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Mexican law review

versión On-line ISSN 2448-5306versión impresa ISSN 1870-0578

Resumen

RIVERA, Rose. U.S. State Responsibility á la Trail Smelter: Arms Trafficking and Transboundary Harm to Mexico. Mex. law rev [online]. 2012, vol.5, n.1, pp.03-39. ISSN 2448-5306.

Both President Obama and Secretary Clinton have stated that the United States accepts shared responsibility with Mexico for the Mexican drug war. The question this article will attempt to answer is whether shared responsibility for illegal arms trafficking from the United States into Mexico reaches beyond the world of political rhetoric. In attempting to examine whether there is a basis in international law for holding the United States responsible for arms trafficking into Mexico, this article will examine the international arbitration case of Trail Smelter for the principle it is credited with establishing: the prohibition against transboundary harm. It will explore whether the prohibition against transboundary harm can be applied to arms trafficking from the U.S. into Mexico by exploring the obligation to prevent harm to foreigners in the International Court of Justice case "Military and Paramilitary Activities in and against Nicaragua", which noted the duty of states to prevent the use of their territory for the purposes of illegal arms trafficking into other States. Finally, it concludes that the United States may be responsible under the doctrine of international state responsibility à la Trail Smelter for transboundary harm in Mexico's territory for 1) its failure to have an adequate legal structure in place that is capable of allowing it to meet its due diligence duty to prevent transboundary harm, and 2) for its failure to meet the standard of due diligence in preventing the arms trafficking.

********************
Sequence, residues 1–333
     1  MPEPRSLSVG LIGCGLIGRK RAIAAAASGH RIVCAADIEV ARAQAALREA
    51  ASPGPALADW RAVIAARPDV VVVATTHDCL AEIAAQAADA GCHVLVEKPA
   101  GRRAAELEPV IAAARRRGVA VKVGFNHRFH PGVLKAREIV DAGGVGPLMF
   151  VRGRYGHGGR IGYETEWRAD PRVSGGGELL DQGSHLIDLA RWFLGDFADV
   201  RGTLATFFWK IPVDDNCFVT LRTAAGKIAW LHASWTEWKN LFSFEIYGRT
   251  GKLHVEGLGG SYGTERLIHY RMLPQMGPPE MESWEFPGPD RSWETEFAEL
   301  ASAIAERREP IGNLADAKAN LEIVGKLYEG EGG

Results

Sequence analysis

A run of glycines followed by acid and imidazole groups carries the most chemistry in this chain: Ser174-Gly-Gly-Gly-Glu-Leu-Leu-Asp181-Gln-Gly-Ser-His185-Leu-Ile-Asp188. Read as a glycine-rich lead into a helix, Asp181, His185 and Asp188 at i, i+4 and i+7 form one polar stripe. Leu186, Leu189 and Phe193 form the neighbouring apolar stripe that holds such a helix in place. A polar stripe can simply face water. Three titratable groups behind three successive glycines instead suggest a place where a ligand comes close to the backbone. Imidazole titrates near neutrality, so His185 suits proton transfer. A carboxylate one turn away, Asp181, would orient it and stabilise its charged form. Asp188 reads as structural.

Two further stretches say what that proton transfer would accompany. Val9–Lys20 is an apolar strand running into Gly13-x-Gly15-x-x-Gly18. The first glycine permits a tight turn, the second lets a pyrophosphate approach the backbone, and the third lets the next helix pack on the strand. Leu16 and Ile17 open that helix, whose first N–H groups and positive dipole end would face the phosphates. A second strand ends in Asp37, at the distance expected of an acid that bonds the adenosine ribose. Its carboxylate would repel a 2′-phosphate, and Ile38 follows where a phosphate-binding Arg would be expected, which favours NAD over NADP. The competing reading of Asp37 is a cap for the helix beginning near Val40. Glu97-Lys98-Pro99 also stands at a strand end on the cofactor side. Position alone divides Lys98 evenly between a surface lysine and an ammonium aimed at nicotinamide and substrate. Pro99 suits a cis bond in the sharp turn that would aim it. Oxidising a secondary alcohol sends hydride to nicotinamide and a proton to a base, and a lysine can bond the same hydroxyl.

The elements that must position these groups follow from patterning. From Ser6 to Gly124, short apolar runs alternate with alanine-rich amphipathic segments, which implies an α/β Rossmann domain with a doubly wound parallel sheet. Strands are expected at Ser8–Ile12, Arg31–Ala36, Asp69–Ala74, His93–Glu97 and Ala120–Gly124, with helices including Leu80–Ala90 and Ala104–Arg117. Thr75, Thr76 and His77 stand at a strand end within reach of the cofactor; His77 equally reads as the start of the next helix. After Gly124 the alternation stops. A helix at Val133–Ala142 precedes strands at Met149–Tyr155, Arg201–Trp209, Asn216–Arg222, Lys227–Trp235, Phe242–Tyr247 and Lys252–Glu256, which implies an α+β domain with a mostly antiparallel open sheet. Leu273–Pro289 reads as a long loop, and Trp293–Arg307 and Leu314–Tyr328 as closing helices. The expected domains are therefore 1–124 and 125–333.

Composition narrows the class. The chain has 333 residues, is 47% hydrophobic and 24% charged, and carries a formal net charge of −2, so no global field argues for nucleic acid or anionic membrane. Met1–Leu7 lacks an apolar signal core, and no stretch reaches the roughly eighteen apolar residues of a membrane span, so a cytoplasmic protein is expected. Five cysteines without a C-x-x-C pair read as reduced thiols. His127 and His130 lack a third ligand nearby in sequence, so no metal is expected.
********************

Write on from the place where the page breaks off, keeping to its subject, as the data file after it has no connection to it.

Palabras llave : Transboundary harm; Mexican drug war; trail smelter; arms trafficking; State responsibility.

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